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Austerity model based on flawed data analyses?

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Austerity model based on flawed data analyses?

Postby Talisker » Sat Apr 20, 2013 10:34 pm

The austerity model that insists that public debt must be reduced to encourage growth of GDP has very recently been shown to be based on flawed data analyses. Apparently those who impose austerity justify this policy referencing a study published in 2010 by two Harvard professors, Reinhart and Rogoff. Their work claims that countries whose debt exceeds 90 percent of their annual GDP experience slower growth than countries with lower debt loads, and this has become a highly influential economic paper much used by politicians. However, a PhD student, Thomas Herndon, recently reevaluated Reinhart and Rogoff's data set, finding fundamental omissions and errors which influence the relationship between public debt and GDP growth, basically debunking their conclusions that austerity is necessary for growth in economies with high debt.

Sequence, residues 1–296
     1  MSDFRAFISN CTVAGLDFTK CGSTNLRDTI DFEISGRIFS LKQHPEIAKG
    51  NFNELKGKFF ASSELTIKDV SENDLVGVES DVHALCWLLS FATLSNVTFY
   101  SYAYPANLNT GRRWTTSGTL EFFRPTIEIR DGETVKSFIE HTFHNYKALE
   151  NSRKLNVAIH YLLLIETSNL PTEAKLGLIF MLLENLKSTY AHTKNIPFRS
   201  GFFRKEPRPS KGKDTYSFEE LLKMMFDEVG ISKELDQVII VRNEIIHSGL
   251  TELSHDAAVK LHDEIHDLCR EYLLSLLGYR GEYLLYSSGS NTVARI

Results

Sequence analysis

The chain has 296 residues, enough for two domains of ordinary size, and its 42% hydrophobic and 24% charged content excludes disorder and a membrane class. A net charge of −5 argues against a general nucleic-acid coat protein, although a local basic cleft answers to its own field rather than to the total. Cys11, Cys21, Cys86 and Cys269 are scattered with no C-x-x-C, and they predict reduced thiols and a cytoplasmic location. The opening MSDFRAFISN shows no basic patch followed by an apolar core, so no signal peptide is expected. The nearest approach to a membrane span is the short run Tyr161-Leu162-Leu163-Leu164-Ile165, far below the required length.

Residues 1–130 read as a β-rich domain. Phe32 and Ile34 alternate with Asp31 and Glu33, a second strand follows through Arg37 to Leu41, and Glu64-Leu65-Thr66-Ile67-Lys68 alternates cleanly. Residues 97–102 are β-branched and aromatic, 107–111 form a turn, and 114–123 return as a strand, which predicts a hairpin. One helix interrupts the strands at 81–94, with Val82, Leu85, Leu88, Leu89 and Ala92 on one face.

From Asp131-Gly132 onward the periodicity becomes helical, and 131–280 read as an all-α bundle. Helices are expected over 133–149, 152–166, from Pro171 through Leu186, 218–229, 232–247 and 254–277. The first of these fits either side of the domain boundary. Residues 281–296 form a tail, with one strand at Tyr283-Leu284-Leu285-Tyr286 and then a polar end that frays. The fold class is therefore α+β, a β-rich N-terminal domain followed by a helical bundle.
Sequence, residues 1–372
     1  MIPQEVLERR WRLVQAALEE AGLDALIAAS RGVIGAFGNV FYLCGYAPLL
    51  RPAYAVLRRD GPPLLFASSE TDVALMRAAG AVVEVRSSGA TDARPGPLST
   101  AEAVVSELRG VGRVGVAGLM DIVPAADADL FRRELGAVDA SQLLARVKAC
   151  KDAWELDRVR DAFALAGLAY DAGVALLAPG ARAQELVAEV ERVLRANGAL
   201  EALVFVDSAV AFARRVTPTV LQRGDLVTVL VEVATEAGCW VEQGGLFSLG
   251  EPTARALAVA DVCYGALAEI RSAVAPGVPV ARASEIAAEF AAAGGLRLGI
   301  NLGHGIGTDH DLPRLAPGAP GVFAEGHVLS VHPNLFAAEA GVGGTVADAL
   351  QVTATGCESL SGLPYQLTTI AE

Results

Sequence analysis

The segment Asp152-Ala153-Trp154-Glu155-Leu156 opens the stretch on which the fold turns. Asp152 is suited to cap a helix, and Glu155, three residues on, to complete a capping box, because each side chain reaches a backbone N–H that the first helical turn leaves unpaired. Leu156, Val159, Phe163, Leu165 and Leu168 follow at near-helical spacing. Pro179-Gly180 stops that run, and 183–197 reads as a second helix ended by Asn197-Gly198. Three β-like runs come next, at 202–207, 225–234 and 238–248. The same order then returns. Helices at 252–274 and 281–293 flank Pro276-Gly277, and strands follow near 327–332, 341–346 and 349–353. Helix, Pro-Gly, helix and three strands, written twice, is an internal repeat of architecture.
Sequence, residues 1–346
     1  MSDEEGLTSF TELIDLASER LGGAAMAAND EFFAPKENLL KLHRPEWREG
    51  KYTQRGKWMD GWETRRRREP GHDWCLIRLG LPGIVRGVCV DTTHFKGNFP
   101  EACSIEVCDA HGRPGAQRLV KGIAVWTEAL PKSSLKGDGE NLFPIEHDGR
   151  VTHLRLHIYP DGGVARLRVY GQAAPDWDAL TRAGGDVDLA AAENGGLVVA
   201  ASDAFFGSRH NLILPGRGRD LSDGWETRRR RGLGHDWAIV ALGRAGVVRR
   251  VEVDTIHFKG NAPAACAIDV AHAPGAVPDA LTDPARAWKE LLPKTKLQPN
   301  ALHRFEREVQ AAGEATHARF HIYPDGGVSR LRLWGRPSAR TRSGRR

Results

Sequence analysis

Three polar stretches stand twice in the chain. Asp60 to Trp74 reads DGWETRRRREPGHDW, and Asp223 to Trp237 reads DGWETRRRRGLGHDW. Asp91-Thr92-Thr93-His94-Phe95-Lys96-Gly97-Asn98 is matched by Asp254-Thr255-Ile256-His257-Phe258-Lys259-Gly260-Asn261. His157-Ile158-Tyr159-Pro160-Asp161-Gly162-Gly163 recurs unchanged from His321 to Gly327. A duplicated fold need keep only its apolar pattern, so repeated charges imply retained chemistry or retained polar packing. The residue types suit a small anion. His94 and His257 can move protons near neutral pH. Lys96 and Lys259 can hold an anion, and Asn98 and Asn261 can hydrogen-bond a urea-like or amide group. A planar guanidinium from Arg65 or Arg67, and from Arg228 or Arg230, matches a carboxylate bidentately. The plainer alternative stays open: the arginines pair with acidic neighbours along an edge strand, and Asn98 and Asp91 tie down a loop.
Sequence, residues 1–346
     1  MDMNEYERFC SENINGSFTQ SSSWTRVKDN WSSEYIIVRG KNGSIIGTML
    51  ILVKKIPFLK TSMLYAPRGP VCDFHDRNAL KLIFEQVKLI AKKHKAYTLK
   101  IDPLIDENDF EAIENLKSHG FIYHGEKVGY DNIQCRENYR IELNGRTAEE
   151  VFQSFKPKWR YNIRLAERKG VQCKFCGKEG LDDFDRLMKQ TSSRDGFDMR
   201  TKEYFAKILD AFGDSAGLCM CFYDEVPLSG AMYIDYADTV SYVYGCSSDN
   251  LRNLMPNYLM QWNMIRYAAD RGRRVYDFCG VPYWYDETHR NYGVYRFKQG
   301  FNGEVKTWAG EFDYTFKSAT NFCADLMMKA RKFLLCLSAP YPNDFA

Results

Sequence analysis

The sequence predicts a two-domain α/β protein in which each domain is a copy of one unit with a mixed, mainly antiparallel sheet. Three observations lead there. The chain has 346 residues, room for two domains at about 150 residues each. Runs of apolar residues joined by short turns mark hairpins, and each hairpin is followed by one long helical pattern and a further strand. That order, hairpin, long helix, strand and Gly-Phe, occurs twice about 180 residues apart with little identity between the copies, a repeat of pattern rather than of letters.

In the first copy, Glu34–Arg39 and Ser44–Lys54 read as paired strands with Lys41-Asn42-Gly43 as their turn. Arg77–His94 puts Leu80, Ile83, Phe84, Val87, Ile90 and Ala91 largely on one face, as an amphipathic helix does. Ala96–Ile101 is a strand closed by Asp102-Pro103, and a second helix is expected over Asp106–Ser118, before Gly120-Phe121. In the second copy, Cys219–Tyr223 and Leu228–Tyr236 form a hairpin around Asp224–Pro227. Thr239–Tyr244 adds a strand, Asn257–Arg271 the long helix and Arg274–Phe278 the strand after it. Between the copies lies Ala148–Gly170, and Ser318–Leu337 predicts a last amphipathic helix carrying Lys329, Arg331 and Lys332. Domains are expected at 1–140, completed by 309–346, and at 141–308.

Does High Public Debt Consistently Stifle Economic Growth? A Critique of Reinhart and Rogoff
Thomas Herndon | Michael Ash | Robert Pollin | 4/15/2013
Herndon, Ash and Pollin replicate Reinhart and Rogoff and find that coding errors, selective exclusion of available data, and unconventional weighting of summary statistics lead to serious errors that inaccurately represent the relationship between public debt and GDP growth among 20 advanced economies in the post-war period. They find that when properly calculated, the average real GDP growth rate for countries carrying a public-debt-to-GDP ratio of over 90 percent is actually 2.2 percent, not -0:1 percent as published in Reinhart and Rogoff. That is, contrary to RR, average GDP growth at public debt/GDP ratios over 90 percent is not dramatically different than when debt/GDP ratios are lower.

The authors also show how the relationship between public debt and GDP growth varies significantly by time period and country. Overall, the evidence we review contradicts Reinhart and Rogoff 's claim to have identified an important stylized fact, that public debt loads greater than 90 percent of GDP consistently reduce GDP growth. ... ation/566/

Here's the story about the PhD student and how he exposed the errors in Reinhart and Rogoff's earlier work. ... ement.html

It will be interesting to see if other studies will show that austerity is a flawed economic model, and whether politicians will take note in addressing the current debt-ridden economic situation in Europe and elsewhere or stick with the current dogma.
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